Quest for Enlightenment

L. T. Titchenell
There is an inmost center in us all where Truth abides in fulness. — Browning

Long, long ago, so long that Time itself has almost forgotten, there lived an innocent humanity who spent their days in peace and tranquility. In that early age the gods, of which there were many, lived and worked with men, teaching and reminding them of their spiritual heritage. However, the time came when this close relationship must needs draw to a close, for as man began to acquire self-consciousness and the power of intellect, the wisdom of the heart lessened. When strife and dissension and the rise of personality grew, the gods departed one by one.

A few of the strong ones among men, realizing what a terrible loss it would be to be left alone, sought out the remaining gods and begged them to stay, even if only for a while. But the gods, knowing the futility of tarrying longer, shook their heads sadly and refused. In departing one of them turned and said:

"That we cannot stay, you know, but there is one favor we will grant you: In the lands of the East we will build a citadel, and in this citadel we will leave our most priceless possession. You may at your own desire visit this citadel and partake of this treasure. All are welcome. But come only if your heart is true, and your mind free, for the name of the treasure is — Truth." Having thus spoken, the god turned and followed his companions.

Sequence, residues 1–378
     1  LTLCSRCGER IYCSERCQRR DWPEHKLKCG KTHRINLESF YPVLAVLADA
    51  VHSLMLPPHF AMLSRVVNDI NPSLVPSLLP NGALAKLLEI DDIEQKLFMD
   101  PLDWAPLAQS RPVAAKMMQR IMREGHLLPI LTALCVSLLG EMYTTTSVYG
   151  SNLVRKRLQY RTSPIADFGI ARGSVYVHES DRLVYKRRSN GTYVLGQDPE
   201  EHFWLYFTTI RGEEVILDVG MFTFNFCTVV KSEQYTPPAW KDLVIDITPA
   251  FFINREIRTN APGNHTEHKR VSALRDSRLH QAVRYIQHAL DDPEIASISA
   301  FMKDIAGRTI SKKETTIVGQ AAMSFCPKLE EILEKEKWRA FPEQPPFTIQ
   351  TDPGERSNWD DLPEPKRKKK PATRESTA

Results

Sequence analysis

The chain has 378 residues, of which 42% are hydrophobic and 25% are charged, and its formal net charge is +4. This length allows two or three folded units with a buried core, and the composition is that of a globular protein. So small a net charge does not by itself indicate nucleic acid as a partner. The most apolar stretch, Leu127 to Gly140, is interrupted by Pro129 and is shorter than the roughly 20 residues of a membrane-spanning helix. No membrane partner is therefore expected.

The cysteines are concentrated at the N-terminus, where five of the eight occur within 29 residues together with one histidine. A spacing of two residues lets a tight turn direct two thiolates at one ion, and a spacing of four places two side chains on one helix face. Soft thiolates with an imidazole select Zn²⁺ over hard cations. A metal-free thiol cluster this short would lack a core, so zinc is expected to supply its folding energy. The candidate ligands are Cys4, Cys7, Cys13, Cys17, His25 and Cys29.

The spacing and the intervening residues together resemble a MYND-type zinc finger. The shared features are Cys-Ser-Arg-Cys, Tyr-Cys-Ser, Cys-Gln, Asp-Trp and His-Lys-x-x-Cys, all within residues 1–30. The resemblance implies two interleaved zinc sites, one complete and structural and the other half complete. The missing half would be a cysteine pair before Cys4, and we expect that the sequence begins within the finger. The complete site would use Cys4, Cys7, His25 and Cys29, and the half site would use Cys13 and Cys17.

During the course of the ages countless pilgrimages have been made by those wishing to partake of the treasure of the gods.

Some went with an impure heart and lost their way.

Some went and returned with pride, seeking to sell what they had gained, thus losing sight of the vision they had found.

The greatest number of those who went looked at Truth and saw it not. They returned in bewilderment, denying that there was truth, claiming that man was the victim of fortuity, destined for annihilation.

Many there were who glimpsed a veil of Truth and returned intoxicated with their vision, believing themselves possessed of the treasure of the gods, teaching what they believed, each according to his lights.

Some went and returned with nothing to say, but shone with the light of their own understanding.

A few went, but did not return, remaining to serve as guardians of the citadel.

The great ones who went and returned, gave freely of what they had received, whereby great civilizations were built and endured for centuries until the glory faded.

To all of these Truth remained aloof and silent, neither confirming nor denying what the prophets claimed in her behalf. But this we know: until that time when the gods return, the light shall never be extinguished in the citadel of Truth.

(From Sunrise magazine, December 1953; copyright © 1953 Theosophical University Press)

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